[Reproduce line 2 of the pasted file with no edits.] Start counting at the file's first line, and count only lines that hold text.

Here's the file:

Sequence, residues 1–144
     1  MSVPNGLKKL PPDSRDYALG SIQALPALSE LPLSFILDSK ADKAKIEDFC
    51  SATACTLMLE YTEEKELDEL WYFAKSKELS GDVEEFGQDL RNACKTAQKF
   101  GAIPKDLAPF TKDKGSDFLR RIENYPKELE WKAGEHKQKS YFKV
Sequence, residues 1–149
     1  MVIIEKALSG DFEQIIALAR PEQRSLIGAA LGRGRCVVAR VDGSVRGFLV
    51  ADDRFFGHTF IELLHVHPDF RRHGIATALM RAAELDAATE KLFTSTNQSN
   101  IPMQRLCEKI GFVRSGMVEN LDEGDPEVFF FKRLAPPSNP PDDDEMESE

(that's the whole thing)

     1  MSVPNGLKKL PPDSRDYALG SIQALPALSE LPLSFILDSK ADKAKIEDFC